You may know them from their brief cameos at the opening of Janelle Monáe’s “Many Moons” and “Tightrope” videos, but now the creative minds that guided and produced Monáe’s ArchAndriod and The Electric Lady are coming out from behind the scenes. Nate “Rocket” Wonder and Chuck Lightning—the funk-rock duo Deep Cotton—recently released their first “fixtape,” Runaway Radio, yet another project from the Atlanta-based Wondaland Arts Society.
The Janelle Monáe executive produced EP, featuring the high-energy anthem “We’re Far Enough from Heaven Now We Can Freak Out” and the speculative funk ballad “Fork n’ Knife,” is available for download at deepcotton.net. EBONY.com spoke with Deep Cotton about the evolution and perception of Black rock, and how they (and the rest of Wondaland) hope to fix the urban music scene.
EBONY: What makes you who you are in concert? And do you feel people can say they’ve heard Deep Cotton if they haven't been to a Deep Cotton show?
Nate Wonder: I think that is part of the experience. You know, at Wondaland we love making experiences. So I think that is just another part of it. It’s probably not a complete meal if you haven’t experienced Deep Cotton in concert.
Chuck Lightning: I would definitely agree. At Wondaland we strive to make the concert almost like a religious experience. You come in and you get a spiritual fulfillment. You do it together, collectively. It goes to another level.
EBONY: Aesthetically, what’s in the Deep Cotton DNA? What are the origins of the group?
NW: When Deep Cotton began, it was an unspoken conversation Chuck and I had that basically started with him walking in when I was working on some music. Before that, he acted like he didn’t like music, like he didn’t like music period. We’d been rooming together for a little while.
Then, all of a sudden one day, he walked into the room and was like, “Turn the microphone on.” And I was like, “What? What are you talking about? You don’t even like music as far as I know.” I was working on some beat and he just started yelling in the microphone, screaming in it. And I was like, “What the…?”
So I started making a beat that I felt would be crazier than what he was doing when he started yelling in the microphone. We had an unspoken rule from then on that we were secretly trying to out-crazy each other. It was something we never spoke about for years.
CL: Yeah, we’re totally into artistic collectives that are trying to out-crazy one another—where the members all have a certain aesthetic or worldview, and you feel like the members are all a little bit off, speaking in tongues at the same time and you get the vibe. Whether or not it’s the Beatles with Lennon and McCartney or P-Funk with George Clinton working with Bootsy [Collins] and Bernie Worrell, these people were just trying to say “I’m crazier than you” and “No, I’m crazier than you.”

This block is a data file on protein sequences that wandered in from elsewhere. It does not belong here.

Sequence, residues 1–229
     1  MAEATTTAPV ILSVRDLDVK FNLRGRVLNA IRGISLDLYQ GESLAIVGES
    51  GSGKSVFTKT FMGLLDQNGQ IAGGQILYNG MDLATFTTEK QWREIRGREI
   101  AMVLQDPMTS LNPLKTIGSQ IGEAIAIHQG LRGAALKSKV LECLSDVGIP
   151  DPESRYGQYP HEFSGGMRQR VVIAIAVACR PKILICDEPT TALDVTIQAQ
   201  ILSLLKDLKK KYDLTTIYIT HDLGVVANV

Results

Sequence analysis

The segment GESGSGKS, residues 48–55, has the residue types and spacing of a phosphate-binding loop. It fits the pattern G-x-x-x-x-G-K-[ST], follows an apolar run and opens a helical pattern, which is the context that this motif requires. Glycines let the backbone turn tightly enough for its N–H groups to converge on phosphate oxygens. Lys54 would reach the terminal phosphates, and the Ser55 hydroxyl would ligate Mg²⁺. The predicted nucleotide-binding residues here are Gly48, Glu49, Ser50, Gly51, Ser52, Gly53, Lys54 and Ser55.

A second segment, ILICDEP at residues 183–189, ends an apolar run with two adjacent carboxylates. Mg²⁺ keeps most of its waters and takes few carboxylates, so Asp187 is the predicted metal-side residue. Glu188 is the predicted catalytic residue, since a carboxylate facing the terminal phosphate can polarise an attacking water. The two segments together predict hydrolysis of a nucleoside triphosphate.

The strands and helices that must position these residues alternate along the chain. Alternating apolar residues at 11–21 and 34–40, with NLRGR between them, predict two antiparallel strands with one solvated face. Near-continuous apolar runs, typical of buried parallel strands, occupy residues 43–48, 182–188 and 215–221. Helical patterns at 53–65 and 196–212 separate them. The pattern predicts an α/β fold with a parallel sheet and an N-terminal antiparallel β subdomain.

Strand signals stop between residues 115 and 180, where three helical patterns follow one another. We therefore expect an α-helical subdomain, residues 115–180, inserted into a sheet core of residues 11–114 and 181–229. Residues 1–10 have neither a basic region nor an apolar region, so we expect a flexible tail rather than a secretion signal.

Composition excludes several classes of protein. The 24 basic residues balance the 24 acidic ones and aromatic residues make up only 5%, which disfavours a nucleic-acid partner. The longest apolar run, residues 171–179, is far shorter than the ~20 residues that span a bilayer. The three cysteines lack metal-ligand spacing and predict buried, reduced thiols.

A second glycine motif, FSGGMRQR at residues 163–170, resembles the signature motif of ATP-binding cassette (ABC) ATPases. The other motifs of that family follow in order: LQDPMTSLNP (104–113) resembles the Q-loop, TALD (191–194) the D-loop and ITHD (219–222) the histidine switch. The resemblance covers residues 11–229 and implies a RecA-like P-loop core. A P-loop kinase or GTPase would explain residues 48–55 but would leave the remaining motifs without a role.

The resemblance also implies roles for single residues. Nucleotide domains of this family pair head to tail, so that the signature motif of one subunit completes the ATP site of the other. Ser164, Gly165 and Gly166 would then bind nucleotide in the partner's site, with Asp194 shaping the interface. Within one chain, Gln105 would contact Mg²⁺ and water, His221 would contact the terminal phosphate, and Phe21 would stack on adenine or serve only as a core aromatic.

EBONY: Do you believe that, in 2013, popular culture has firmly abandoned the perception, or misconception, that Black folk don’t rock? Has rock, for you, become a solid aspect of contemporary Black culture?
NW: I think it depends on what we do next and how we reach tipping points. Black rock has been around for so long, and there are so many different ways that it’s shown itself. But in terms of a tipping point when someone says, “Oh, a Black rock concert—that’s mainstream,” I don’t think we are at that point right now.
But when I think about punk, I don’t think that people think Odd Future is that far off from a punk aesthetic. When people think about Public Enemy, I think they were very close to what people think about as a punk aesthetic. Little Richard has a punk aesthetic. Prince does as well. Living Colour… I think there have been plenty of places where that has shown itself. And really, it just depends on if it has reached above critical mass in terms of how many people are taking that energy and running with it.
CL: I agree. I wouldn’t necessarily say that Black rock or Black punk rock is mainstream. I do think the term “afropunk” has helped in some respects, because it has allowed people to rally around a term and a banner. It’s allowed people to claim something as part of their identity, something that they can latch onto. I think that has been very helpful.
But I agree with Nate that every generation there’s someone. You had the Black Rock Coalition in the eighties. Living Colour, Fishbone, everybody knows that. In the ’70s, you had Funkadelic, Parliament, War, the Chambers Brothers, Hendrix, Sly. There have always been people that, even if they were pop or funk, leaned rock.
We’ve had moments like when, for instance, Michael Jackson does “Beat it” or Prince does “Purple Rain.” Lenny Kravitz. We’ve had those moments. But to really say a whole movement comes through at one time, like it was in Seattle [with Nirvana], we haven’t had that moment yet. We’re in a space where that kind of thing could happen, especially if the music jams. The music has to jam.